In a vehicle market with an increasing appetite for crossover SUVs, Hyundai’s previously robust sales growth has been slowed with a product portfolio dominated by passenger cars. Hyundai’s sales results for October reflect a 15 percent decline overall versus the same month in 2016, despite a 12 percent increase in sales of its three SUVs: Santa Fe Sport, Santa Fe, and Tucson.
Carmakers are fond of presenting new vehicles as the “first ever,” seeking to lend a little rocket assist to their launch, and BMW is the latest with this limited edition M3 CS. While the CS series has been around for a long time in BMW’s product hierarchy—since 1961—it’s also fair to say that there’s some justification for that first ever label in connection with the M3. It has four doors. Every previous CS has been a coupe, and a high performance coupe at that.
This custom version of the handsome Lexus LC 500 coupe was part of the Lexus display in Las Vegas, at the annual SEMA show, a first in the company’s new Inspiration Series and something of a rarity at the trade show. SEMA is an acronym for Specialty Equipment Manufacturers Association, and the show is an automotive aftermarket extravaganza displaying myriad goodies designed for performance enhancement or customization. Or both.
Muck Rack makes it simple to find people, tweets, or articles that mention any name, keyword, company, hashtag etc. We've compiled this guide to help you make the most of your search.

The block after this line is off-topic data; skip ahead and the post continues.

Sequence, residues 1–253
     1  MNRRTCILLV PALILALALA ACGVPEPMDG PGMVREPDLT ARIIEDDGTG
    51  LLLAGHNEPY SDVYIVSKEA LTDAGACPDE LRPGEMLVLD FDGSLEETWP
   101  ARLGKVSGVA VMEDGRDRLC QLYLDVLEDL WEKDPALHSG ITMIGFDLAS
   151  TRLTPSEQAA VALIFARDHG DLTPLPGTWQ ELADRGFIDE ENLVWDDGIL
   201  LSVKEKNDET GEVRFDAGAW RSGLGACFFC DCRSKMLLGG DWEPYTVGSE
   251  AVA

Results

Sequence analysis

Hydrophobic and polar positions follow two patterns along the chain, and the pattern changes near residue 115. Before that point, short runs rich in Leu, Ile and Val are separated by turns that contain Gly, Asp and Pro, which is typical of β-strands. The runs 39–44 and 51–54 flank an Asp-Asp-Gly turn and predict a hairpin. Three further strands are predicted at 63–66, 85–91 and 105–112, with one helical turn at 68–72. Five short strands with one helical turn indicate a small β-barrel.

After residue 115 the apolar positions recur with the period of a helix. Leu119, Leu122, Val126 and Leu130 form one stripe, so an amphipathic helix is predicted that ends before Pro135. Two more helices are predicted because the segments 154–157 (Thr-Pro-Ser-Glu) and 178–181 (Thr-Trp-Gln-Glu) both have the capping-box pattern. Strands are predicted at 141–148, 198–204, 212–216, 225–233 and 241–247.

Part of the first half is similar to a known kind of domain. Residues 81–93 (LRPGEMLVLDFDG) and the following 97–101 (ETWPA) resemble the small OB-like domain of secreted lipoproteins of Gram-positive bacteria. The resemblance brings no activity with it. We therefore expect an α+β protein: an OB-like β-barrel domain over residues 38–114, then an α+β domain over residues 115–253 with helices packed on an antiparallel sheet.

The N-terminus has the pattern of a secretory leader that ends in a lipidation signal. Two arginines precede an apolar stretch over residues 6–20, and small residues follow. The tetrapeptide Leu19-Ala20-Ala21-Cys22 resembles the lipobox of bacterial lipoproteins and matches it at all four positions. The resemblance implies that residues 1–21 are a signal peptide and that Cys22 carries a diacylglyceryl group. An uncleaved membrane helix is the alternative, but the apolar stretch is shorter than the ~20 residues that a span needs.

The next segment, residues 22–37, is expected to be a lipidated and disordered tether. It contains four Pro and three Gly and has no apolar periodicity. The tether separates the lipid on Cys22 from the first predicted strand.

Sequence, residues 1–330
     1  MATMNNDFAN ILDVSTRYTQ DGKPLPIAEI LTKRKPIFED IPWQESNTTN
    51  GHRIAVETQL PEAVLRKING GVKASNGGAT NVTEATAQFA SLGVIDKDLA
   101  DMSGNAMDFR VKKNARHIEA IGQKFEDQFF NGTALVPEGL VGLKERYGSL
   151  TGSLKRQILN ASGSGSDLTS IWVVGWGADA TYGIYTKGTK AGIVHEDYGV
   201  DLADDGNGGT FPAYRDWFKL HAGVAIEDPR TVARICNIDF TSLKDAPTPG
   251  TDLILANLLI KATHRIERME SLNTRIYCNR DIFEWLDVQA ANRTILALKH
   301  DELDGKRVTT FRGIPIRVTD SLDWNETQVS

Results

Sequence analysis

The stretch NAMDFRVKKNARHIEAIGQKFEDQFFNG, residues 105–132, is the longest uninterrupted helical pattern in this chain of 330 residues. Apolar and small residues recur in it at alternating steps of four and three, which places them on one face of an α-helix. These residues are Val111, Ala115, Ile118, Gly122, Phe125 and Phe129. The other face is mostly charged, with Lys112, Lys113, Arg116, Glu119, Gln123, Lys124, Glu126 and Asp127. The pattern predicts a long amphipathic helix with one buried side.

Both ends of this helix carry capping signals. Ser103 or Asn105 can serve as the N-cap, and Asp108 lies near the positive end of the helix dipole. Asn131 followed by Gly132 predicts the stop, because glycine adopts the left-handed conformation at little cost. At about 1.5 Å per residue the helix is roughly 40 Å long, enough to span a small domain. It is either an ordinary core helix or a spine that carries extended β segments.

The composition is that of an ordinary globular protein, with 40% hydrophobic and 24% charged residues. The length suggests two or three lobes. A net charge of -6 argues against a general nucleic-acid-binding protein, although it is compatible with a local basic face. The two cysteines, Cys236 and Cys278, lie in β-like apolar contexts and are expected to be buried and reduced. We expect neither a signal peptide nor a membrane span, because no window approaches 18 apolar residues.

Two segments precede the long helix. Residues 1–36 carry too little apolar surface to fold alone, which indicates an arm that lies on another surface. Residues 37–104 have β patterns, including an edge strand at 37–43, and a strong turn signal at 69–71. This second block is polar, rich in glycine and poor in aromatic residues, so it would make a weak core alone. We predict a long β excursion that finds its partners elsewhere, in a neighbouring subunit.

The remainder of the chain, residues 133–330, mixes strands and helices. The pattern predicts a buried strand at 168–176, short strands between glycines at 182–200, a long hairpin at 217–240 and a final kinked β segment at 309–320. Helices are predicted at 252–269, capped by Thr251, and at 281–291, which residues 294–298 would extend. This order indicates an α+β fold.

Selecting a term
Start searching tweets, articles from media outlets, articles mentioned in tweets, journalists'
names, titles and bios with some suggested searches:
Companies or Topics (e.g. iPhone, Microsoft)
Phrases (e.g. "cloud computing") — use quotes to keep the terms together
Twitter handles (e.g. @username) — returns those who have mentioned or replied to
Names (e.g. "David Pogue")
Hashtags (e.g. #sxsw, #london2012)
Bio details (e.g. vegan, Olympics, father)
Muck Rack's Advanced Search allows for many boolean operators.
Find results that mention multiple specified terms, use AND or
+. For example, ensure each result contains both Elon Musk and Mark Zuckerberg by
searching Musk AND Zuckerberg or Musk + Zuckerberg.
Use the operators OR or , to broaden your search when you'd like either of
multiple terms to appear in results. (This is the default behavior of our search when no operators
are used). For example, results will contain either cake or cookie by searching cake OR cookie or cake,cookie
Use NOT or - to subtract results from your search. For
example, searching Disney will yield results about the Walt Disney Company as well as Walt Disney
World Resort. To exclude mentions of Disney World, search for Disney -World or Disney
When using one of these operators with a phrase, enclose it in quotation marks. For example, you can
find results about smartphones excluding Apple's iPhone 4S by searching smartphone -"iPhone
Exact case matching or punctuation
If you're searching for a brand name or keyword that relies on specific punctuation marks or capitalization, you can
find results that match your exact query by adding matchcase: before the keyword you're searching for, like matchcase:E*TRADE .
Use parentheses to separate multiple
boolean phrases. For example, to find journalists talking about having fun in Disney World or
Disneyland, search for ("disney world" OR disneyland) AND fun.
An asterisk can be used to search for any variation of a root word truncated by the asterisk. For example, searching for admin* will return results for administrator, administration, administer, administered, etc.
A near operator is an AND operator where you can control the distance between the words. You can vary the distance the near operation uses by adding a forward slash and number (between 0-99) such as strawberries NEAR/10 "whipped cream", which means the strawberries must exist within 10 words of "whipped cream".